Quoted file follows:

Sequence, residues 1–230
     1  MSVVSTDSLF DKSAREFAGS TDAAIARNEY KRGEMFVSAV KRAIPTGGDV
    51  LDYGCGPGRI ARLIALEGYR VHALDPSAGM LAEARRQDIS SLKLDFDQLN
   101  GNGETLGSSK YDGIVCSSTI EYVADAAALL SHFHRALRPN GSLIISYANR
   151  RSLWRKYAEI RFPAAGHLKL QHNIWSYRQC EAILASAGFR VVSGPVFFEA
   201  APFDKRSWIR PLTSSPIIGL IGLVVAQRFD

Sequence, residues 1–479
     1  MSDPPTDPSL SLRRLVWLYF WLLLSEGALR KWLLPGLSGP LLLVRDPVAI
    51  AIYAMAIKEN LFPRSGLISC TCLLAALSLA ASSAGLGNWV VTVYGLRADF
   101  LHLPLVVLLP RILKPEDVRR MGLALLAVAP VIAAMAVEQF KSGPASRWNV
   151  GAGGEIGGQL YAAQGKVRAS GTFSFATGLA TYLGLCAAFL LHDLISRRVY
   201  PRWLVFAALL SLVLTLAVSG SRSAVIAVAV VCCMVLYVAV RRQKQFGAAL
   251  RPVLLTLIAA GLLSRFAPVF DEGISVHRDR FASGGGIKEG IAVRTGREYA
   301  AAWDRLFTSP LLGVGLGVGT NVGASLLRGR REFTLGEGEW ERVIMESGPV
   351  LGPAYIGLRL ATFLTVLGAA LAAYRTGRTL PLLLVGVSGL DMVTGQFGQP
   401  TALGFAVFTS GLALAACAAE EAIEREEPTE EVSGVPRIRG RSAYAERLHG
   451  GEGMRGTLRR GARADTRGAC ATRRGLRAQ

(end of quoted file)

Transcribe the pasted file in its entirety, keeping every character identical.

Sequence, residues 1–230
     1  MSVVSTDSLF DKSAREFAGS TDAAIARNEY KRGEMFVSAV KRAIPTGGDV
    51  LDYGCGPGRI ARLIALEGYR VHALDPSAGM LAEARRQDIS SLKLDFDQLN
   101  GNGETLGSSK YDGIVCSSTI EYVADAAALL SHFHRALRPN GSLIISYANR
   151  RSLWRKYAEI RFPAAGHLKL QHNIWSYRQC EAILASAGFR VVSGPVFFEA
   201  APFDKRSWIR PLTSSPIIGL IGLVVAQRFD

Sequence, residues 1–479
     1  MSDPPTDPSL SLRRLVWLYF WLLLSEGALR KWLLPGLSGP LLLVRDPVAI
    51  AIYAMAIKEN LFPRSGLISC TCLLAALSLA ASSAGLGNWV VTVYGLRADF
   101  LHLPLVVLLP RILKPEDVRR MGLALLAVAP VIAAMAVEQF KSGPASRWNV
   151  GAGGEIGGQL YAAQGKVRAS GTFSFATGLA TYLGLCAAFL LHDLISRRVY
   201  PRWLVFAALL SLVLTLAVSG SRSAVIAVAV VCCMVLYVAV RRQKQFGAAL
   251  RPVLLTLIAA GLLSRFAPVF DEGISVHRDR FASGGGIKEG IAVRTGREYA
   301  AAWDRLFTSP LLGVGLGVGT NVGASLLRGR REFTLGEGEW ERVIMESGPV
   351  LGPAYIGLRL ATFLTVLGAA LAAYRTGRTL PLLLVGVSGL DMVTGQFGQP
   401  TALGFAVFTS GLALAACAAE EAIEREEPTE EVSGVPRIRG RSAYAERLHG
   451  GEGMRGTLRR GARADTRGAC ATRRGLRAQ